Barcelona World Race leaders Jean-Pierre Dick and Loïck Peyron are preparing to spend their last night at sea together in reflection and anticipation while Boris Herrmann and Dee Caffari welcome distractions.
In terms of the total course distance, 25,200 miles and their 93 days since leaving Barcelona, the final 89 miles which the French duo had to still complete at 1400hrs UTC is but the blink of an eye, but Dick and Peyron will enjoy a serene final night at sea anticipating the huge release the finish line will bring and the frenzy which inevitably follows.
Niçoise skipper Dick has a better idea of what awaits having enjoyed the warm welcome from the Catalan capital which he received in February 2008 when he won the first edition of the race with Damian Foxall, but for Peyron – despite dozens of accolades and honours offshore and inshore – it will be his first round-the-world triumph in an ocean racing career spanning more than 30 years.
He claimed today that one of his plans for the final 24 hours was to sleep as much as he can, while Dick – who has admitted in the past that he is something of a hard driving perfectionist who struggles to ease off – looked much more relaxed today, knowing that their three month marathon is all but over with the main goal nearly completed.
'Mapfre is a respectable distance behind and so I think we can say we have almost won. We can touch victory!' smiled Dick.
After a slow passage north of the Balearics this afternoon the duo are now expected to break the finish line at around breakfast time Monday morning.
For the rest of the fleet today, as much as any recently, the imminent first place arrival might be a catalyst for the realization that the podium now has a certain solid shape, and opportunities for promotion and demotion through the rest of their race look quite low.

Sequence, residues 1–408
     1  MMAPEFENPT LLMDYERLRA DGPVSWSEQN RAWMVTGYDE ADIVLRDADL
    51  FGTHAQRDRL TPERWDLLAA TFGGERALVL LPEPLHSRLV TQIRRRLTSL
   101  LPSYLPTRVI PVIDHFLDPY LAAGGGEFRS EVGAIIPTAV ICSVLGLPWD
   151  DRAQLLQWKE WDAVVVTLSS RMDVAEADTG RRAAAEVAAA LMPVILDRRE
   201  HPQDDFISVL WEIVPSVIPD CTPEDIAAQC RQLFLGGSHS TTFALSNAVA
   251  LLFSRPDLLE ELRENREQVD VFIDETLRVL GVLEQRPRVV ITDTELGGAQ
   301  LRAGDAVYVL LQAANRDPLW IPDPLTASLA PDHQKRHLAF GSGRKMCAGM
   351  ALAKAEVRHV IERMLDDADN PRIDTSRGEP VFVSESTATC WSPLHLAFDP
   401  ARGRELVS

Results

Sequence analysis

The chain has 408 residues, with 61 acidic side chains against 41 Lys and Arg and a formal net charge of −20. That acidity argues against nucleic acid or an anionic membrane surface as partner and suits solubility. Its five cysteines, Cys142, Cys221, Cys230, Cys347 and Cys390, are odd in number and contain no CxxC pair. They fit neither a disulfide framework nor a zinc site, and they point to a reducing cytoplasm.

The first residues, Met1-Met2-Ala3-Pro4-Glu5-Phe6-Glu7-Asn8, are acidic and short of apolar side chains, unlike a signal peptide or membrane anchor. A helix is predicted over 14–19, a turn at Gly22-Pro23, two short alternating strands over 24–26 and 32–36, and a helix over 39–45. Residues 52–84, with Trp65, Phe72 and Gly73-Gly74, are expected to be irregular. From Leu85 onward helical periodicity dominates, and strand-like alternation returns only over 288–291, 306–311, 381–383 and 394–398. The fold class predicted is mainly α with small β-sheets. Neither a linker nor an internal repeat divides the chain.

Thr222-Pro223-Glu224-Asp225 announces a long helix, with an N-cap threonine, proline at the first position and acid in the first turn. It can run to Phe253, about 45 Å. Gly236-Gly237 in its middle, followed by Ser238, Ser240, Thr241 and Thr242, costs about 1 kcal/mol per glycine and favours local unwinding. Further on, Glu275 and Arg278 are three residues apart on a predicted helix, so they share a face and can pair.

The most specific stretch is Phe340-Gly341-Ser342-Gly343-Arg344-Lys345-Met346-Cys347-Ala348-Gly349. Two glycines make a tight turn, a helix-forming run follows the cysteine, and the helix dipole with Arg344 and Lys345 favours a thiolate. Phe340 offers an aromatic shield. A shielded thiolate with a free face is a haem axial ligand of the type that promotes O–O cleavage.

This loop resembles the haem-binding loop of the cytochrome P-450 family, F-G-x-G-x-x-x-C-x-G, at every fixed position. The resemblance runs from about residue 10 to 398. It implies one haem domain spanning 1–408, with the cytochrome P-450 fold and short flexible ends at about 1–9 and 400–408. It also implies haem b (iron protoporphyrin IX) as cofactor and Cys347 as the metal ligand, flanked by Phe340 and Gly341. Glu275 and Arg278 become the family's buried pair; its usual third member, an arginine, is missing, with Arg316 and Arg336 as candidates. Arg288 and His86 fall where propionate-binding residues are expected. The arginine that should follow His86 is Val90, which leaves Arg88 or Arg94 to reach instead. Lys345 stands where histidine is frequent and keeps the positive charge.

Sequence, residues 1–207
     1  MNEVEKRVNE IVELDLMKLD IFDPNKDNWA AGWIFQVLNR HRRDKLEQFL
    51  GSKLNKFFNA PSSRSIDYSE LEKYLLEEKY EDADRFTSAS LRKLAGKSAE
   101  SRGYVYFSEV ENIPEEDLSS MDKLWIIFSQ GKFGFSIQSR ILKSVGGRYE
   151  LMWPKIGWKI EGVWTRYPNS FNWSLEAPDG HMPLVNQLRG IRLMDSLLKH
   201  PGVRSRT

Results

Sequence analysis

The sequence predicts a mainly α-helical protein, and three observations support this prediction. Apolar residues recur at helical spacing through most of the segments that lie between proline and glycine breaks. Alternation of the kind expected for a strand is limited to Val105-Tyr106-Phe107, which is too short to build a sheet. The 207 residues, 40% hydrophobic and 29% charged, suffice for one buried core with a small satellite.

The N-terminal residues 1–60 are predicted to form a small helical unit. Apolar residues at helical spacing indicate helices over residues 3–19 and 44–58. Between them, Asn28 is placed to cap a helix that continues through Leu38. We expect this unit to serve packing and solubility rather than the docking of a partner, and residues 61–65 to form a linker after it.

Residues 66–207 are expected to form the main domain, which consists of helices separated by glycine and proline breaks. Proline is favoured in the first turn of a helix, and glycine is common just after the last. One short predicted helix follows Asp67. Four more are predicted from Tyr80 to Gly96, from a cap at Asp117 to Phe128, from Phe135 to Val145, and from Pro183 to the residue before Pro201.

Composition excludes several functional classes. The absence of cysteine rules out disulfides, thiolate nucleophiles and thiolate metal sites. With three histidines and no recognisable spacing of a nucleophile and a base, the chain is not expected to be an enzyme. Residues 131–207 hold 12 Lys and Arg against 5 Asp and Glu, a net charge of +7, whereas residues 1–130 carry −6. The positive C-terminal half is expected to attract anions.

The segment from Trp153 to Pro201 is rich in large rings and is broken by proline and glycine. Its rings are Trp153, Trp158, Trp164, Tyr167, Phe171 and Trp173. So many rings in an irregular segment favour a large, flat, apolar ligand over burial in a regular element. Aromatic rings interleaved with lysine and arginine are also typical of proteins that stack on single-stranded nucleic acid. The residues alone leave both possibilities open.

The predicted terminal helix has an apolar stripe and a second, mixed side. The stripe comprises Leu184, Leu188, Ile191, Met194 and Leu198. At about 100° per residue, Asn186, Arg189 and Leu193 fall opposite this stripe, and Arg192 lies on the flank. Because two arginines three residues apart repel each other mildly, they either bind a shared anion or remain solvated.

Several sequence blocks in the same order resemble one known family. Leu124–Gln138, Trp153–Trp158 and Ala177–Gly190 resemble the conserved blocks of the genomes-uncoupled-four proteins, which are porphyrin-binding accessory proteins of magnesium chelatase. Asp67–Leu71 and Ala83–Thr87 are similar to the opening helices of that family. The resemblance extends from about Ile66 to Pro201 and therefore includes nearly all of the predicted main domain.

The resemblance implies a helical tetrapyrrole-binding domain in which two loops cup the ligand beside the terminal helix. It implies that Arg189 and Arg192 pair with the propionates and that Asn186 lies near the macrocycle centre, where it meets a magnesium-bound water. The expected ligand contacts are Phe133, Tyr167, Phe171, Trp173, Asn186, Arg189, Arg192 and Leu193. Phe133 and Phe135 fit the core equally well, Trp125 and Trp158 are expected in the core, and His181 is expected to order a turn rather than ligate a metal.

Boris Herrmann and Dee Caffari, speaking on today’s live Visio-Conference, did not acknowledge as much but both were more focused on the release from recent long days of tedium and the routings which will get them finished quickest.
Herrmann even admitted that a complex seven hour rebuild and repair to their autopilot hydraulics had been a welcome distraction, and Caffari said she was looking forward to more trimming, sail changes and manoeuvres after days of upwind sailing.
But their die are cast and their respective achievements within reach: Caffari and Corbella as the first woman to complete four circumnavigations and the first Spanish female circumnavigator and Herrrmann and Breymaier have really stamped their mark on this race: with smart, fast sailing and maturity well beyond their racing years, to highlight their prospects for the future.
And for Renault Z.E Sailing Team, 340 miles from Gibraltar this evening and making a direct course, their third step on the podium is by a margin of 200 miles just now to Estrella Damm. In the Mediterranean – contrary to their lacklustre departure three months ago – Rivero and Piris are usually as accomplished and strong as anyone duo in the fleet. Standings of Sunday 3rd April at 1400hrs UTC:
1 Virbac-Paprec 89 miles to finish
2 Mapfre + 247 miles to leader
3 Renault Z.E at + 799 miles to leader
4 Estrella Damm Sailing Team at + 1004miles to leader
5 Neutrogena at + 1305 miles to leader
6 Gaes Centros Auditivos at + 1952 miles to leader
7 Hugo Boss at + 3127 miles to leader
8 Forum Maritim Catala at + 3972 miles to leader
9 We Are Water at + 6441 miles to leader
10 Central Lechera Asturiana at + 10389 miles to leader
RTD Groupe Bel
RTD Mirabaud Barcelona World Race website